The Enzyme Database

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EC 1.4.3.16     
Accepted name: L-aspartate oxidase
Reaction: L-aspartate + O2 = iminosuccinate + H2O2
Other name(s): NadB; Laspo; AO
Systematic name: L-aspartate:oxygen oxidoreductase
Comments: A flavoprotein (FAD). L-Aspartate oxidase catalyses the first step in the de novo biosynthesis of NAD+ in some bacteria. O2 can be replaced by fumarate as electron acceptor, yielding succinate [5]. The ability of the enzyme to use both O2 and fumarate in cofactor reoxidation enables it to function under both aerobic and anaerobic conditions [5]. Iminosuccinate can either be hydrolysed to form oxaloacetate and NH3 or can be used by EC 2.5.1.72, quinolinate synthase, in the production of quinolinate. The enzyme is a member of the succinate dehydrogenase/fumarate-reductase family of enzymes [5].
Links to other databases: BRENDA, EXPASY, KEGG, MetaCyc, PDB, CAS registry number: 69106-47-4
References:
1.  Nasu, S., Wicks, F.D. and Gholson, R.K. L-Aspartate oxidase, a newly discovered enzyme of Escherichia coli, is the B protein of quinolinate synthetase. J. Biol. Chem. 257 (1982) 626–632. [PMID: 7033218]
2.  Mortarino, M., Negri, A., Tedeschi, G., Simonic, T., Duga, S., Gassen, H.G. and Ronchi, S. L-aspartate oxidase from Escherichia coli. I. Characterization of coenzyme binding and product inhibition. Eur. J. Biochem. 239 (1996) 418–426. [DOI] [PMID: 8706749]
3.  Tedeschi, G., Negri, A., Mortarino, M., Ceciliani, F., Simonic, T., Faotto, L. and Ronchi, S. L-Aspartate oxidase from Escherichia coli. II. Interaction with C4 dicarboxylic acids and identification of a novel L-aspartate: fumarate oxidoreductase activity. Eur. J. Biochem. 239 (1996) 427–433. [DOI] [PMID: 8706750]
4.  Mattevi, A., Tedeschi, G., Bacchella, L., Coda, A., Negri, A. and Ronchi, S. Structure of L-aspartate oxidase: implications for the succinate dehydrogenase/fumarate reductase oxidoreductase family. Structure 7 (1999) 745–756. [DOI] [PMID: 10425677]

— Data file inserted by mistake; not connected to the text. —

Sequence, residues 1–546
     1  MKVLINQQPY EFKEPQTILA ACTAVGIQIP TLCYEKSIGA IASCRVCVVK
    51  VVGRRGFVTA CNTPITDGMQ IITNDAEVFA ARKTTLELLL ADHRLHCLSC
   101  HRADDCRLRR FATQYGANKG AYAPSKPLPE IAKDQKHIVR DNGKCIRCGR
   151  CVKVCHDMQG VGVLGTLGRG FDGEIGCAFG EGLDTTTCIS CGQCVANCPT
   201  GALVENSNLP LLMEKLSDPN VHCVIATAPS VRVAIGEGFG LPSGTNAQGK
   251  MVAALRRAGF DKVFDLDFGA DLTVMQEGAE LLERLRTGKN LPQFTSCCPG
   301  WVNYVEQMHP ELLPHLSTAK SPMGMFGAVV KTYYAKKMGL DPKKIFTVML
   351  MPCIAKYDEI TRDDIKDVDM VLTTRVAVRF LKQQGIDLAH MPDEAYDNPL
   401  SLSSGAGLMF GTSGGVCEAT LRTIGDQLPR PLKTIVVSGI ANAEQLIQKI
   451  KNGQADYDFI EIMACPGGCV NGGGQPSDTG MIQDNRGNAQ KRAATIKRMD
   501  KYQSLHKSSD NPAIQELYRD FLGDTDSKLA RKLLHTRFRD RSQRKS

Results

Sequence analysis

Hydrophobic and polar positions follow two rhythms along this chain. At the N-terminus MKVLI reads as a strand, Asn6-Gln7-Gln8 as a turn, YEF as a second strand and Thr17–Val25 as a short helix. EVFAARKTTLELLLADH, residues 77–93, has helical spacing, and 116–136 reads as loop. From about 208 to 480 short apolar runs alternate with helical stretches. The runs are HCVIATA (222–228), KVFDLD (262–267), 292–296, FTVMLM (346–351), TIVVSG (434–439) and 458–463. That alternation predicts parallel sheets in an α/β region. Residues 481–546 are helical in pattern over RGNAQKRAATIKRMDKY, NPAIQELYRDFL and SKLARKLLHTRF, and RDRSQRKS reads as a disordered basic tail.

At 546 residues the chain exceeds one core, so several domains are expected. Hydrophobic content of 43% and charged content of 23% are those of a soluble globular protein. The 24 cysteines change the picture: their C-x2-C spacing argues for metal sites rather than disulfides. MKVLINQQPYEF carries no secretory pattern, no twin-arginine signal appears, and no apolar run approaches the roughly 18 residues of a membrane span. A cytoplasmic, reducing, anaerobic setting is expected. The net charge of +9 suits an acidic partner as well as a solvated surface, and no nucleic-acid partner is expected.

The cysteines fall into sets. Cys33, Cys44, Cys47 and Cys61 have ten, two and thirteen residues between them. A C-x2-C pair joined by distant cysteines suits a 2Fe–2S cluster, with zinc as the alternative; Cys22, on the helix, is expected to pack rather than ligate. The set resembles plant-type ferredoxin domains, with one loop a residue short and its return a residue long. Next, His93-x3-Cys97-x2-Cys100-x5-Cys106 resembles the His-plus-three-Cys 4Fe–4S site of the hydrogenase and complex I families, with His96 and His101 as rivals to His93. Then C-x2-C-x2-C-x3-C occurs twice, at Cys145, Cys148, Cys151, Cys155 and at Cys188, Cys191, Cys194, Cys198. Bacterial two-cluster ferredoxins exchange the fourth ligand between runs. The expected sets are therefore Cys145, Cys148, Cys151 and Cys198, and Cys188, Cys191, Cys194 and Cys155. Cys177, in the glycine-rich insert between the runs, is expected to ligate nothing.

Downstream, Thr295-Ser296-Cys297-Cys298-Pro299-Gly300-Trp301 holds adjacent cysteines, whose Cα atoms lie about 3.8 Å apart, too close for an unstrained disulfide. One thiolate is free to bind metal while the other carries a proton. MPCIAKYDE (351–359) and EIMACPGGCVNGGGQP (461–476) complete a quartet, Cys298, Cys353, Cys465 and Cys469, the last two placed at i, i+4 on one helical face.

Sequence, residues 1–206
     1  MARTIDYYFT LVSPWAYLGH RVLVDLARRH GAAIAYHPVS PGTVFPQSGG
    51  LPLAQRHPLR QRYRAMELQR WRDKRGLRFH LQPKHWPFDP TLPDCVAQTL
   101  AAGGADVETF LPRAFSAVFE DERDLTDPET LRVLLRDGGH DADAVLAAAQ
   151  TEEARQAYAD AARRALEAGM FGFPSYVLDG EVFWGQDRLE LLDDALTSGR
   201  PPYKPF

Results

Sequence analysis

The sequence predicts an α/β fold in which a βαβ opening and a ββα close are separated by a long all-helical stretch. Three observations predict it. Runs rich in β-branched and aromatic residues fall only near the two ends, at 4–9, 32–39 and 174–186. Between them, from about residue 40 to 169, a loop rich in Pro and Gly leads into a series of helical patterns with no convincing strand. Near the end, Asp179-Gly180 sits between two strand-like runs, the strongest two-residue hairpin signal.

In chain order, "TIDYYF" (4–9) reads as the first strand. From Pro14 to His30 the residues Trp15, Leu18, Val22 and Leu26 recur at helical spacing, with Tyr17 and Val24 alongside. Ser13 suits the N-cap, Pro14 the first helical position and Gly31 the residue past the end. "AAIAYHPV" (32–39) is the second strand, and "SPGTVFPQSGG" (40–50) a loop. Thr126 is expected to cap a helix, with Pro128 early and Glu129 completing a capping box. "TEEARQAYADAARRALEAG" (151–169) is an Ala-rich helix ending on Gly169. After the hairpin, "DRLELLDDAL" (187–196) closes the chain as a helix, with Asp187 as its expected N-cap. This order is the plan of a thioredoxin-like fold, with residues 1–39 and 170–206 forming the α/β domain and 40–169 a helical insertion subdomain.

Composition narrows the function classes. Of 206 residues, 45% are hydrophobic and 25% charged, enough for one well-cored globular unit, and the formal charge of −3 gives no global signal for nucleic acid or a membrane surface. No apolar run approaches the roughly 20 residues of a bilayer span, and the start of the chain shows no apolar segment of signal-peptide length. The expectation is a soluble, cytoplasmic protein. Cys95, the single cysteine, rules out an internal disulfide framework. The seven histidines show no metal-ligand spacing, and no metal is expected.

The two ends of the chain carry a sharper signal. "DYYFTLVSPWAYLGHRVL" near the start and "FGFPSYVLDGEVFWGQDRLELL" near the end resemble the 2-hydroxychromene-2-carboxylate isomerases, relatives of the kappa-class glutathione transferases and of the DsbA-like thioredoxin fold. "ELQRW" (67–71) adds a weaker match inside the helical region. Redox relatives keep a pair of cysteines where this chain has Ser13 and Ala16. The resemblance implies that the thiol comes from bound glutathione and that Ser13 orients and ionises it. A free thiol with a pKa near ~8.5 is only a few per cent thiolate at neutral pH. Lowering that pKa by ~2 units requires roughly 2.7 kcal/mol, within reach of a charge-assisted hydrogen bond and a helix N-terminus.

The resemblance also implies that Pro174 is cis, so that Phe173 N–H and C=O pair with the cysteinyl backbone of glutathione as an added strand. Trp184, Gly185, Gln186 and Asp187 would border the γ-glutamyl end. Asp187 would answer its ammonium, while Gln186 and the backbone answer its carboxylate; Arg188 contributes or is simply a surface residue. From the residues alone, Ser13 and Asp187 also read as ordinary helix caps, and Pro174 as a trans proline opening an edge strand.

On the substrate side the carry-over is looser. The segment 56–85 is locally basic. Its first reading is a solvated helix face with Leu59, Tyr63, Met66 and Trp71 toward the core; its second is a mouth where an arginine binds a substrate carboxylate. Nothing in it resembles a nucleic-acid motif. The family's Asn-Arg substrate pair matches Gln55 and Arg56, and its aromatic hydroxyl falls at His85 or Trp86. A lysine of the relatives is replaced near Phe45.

5.  Bossi, R.T., Negri, A., Tedeschi, G. and Mattevi, A. Structure of FAD-bound L-aspartate oxidase: insight into substrate specificity and catalysis. Biochemistry 41 (2002) 3018–3024. [DOI] [PMID: 11863440]
6.  Katoh, A., Uenohara, K., Akita, M. and Hashimoto, T. Early steps in the biosynthesis of NAD in Arabidopsis start with aspartate and occur in the plastid. Plant Physiol. 141 (2006) 851–857. [DOI] [PMID: 16698895]
[EC 1.4.3.16 created 1984, modified 2008]
 
 
EC 2.4.2.19     
Accepted name: nicotinate-nucleotide diphosphorylase (carboxylating)
Reaction: β-nicotinate D-ribonucleotide + diphosphate + CO2 = pyridine-2,3-dicarboxylate + 5-phospho-α-D-ribose 1-diphosphate
For diagram of NAD+ biosynthesis, click here
Glossary: quinolinate = pyridine-2,3-dicarboxylate
Other name(s): quinolinate phosphoribosyltransferase (decarboxylating); quinolinic acid phosphoribosyltransferase; QAPRTase; NAD+ pyrophosphorylase; nicotinate mononucleotide pyrophosphorylase (carboxylating); quinolinic phosphoribosyltransferase
Systematic name: β-nicotinate-D-ribonucleotide:diphosphate phospho-α-D-ribosyltransferase (carboxylating)